Scaling Your Business

Scaling Your Business


Post By Karan Chopra, Oct 18, 2018



Start. Scale. Succeed.

Most entrepreneurs will nod in agreement when you say that starting a business is tricky — scaling it is even more so. From the moment they start their ventures, entrepreneurs begin to dream of scaling them. This is because scaling is essential to improving a business’ profitability, expanding its reach, and strengthening its long-term prospects.

And that’s just the tip of the iceberg. Scaling helps a business:



• Create more jobs as it expands
• Be more pioneering and innovative in its industry
• Develop into a great place to work, with a vibrant and dynamic atmosphere
• Offer high-quality jobs with increased levels of employee satisfaction
• Enjoy greater diversity within the workforce


But there’s a subtle difference between growing and scaling. Growth occurs when businesses add resources at the same rate that they add revenue. For instance, they may add more employees to handle an increased client base, move into a new office, or subscribe to an answering service to handle calls and appointments.

Scaling, however, is all about adding revenue to the business at an exponential rate while adding resources at an incremental rate. Here, businesses add customers at a rapid pace, and then add the minimum number of resources needed to serve these customers and generate more revenue.

What this means is that, when you do decide to scale your business, it’s not enough to have sufficient capital and the required resources. You need a great long-term plan. A plan helps you prioritize your next steps and helps you add the right support at the right time. As you scale, you will need to make a number of investments, so it is extremely important that you prioritize high-quality resources that will pay off in the long run, rather than spend on low-quality investments that will hamper your growth down the line. So what exactly does it mean to focus on quality while scaling? Here are some points you can keep in mind that might help answer the question.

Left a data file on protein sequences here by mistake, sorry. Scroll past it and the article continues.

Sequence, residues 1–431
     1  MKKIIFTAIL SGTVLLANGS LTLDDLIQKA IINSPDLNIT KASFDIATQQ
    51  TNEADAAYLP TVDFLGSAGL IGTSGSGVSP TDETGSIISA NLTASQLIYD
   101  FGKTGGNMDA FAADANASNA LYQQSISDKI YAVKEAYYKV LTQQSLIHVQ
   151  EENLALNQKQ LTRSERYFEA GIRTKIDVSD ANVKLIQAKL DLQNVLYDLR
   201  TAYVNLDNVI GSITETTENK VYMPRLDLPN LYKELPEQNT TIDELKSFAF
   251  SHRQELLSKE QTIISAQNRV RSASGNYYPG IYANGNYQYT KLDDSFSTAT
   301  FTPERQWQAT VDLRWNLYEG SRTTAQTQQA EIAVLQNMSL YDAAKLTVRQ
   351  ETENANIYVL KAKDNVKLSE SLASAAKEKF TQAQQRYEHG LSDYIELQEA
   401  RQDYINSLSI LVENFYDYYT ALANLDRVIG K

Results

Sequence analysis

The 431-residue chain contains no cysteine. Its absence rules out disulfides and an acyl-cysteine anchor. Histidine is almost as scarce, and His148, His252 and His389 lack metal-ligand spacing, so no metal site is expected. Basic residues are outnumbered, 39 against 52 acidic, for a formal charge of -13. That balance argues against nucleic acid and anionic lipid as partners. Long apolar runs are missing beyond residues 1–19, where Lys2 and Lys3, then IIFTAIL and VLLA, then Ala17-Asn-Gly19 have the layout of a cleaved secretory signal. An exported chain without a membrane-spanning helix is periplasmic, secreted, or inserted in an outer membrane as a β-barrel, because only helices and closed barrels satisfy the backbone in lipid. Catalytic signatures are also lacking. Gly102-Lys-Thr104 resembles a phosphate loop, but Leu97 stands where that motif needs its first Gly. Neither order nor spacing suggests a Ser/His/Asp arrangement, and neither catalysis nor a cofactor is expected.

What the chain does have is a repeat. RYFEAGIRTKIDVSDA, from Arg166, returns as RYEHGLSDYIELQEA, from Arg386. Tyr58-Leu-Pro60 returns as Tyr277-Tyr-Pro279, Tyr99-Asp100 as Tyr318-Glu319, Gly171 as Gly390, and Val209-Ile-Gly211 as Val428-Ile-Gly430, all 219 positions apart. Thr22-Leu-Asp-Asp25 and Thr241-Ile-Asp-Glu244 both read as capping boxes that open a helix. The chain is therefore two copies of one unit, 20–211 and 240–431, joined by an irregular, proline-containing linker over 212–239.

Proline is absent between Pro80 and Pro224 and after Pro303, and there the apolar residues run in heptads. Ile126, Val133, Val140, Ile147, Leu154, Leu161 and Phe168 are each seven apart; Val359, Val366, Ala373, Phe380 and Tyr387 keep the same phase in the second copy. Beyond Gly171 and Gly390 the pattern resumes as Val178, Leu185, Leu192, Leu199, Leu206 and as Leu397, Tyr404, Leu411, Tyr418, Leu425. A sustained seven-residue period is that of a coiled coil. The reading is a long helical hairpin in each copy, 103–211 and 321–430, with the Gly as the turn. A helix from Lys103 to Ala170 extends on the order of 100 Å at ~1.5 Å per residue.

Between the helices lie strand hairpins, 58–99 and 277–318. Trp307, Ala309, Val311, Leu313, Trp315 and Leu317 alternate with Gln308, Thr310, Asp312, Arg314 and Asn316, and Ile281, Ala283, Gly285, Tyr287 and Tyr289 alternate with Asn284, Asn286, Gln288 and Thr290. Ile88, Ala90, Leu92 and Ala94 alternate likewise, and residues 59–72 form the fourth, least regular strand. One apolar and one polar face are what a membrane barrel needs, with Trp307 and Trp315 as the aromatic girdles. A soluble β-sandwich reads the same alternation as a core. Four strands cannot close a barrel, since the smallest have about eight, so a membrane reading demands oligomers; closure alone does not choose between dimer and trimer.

Hire the right people

Unless there is a deadline to meet and having more hands on deck will help you get there, there is no reason to rush the hiring process. In fact, you will benefit far more from being judicious about whom you hire. Taking an extra month to hire for a key leadership role, even if it slows your growth for that month, will give you better results in the long run.

Take, for instance, Larry Page from Google. In 2002, he got into trouble with his investors, his team, and even prospective employees because they felt that he didn’t appear to be hiring fast enough. “But when you look back, it turns out that focusing on hiring the right people was critical to Google’s growth at that point,” says Bob Sutton, organizational behavior expert at Stanford’s School of Engineering. Ultimately, it turns out that Page had the right mindset for the right time.

Expand with purpose

If you’re unable to envision the future of your business, you’re probably contributing to stunting its growth. However, being clear about your destination helps you plan your growth strategy better. For instance, when scaling, you might invest in better equipment and multiple new offices. This shouldn’t be done in a frenzy — one high-quality new office is better than multiple low-performing offices. Although it seems like scaling quickly will earn you revenue faster, mere expansion for its own sake can be more detrimental than helpful.

Choose your audience

Ok, so you’re ready to create a buzz for your business and are tempted to market to everyone. But before you know it, you’re using up your entire advertising budget with hardly any measurable results. Here’s where you pause and rethink your strategy. It is far better to choose specific audience segments than cast a wide net — you’ll see a better response to your promotions and even drive more engagement with your customers.

Invest smartly in marketing

While there are a multitude of marketing channels out there, you’ll probably choose a select few that can help build recognition and awareness of your brand. Instead of choosing quantity and distributing your money across multiple channels, funnel that money towards the most effective marketing strategy for your particular industry and audience.

Many founders believe that, as their company scales, the going will get easier because there are more resources — and possibly more money. However, the truth is that with growth comes greater complexity for everyone involved. So, in order to truly ace the scaling game, you will need scalable infrastructure, a capable team, an effective marketing strategy, and a single-minded focus on your organization’s values and vision. After all, why you started should, at all times, be what drives your growth.


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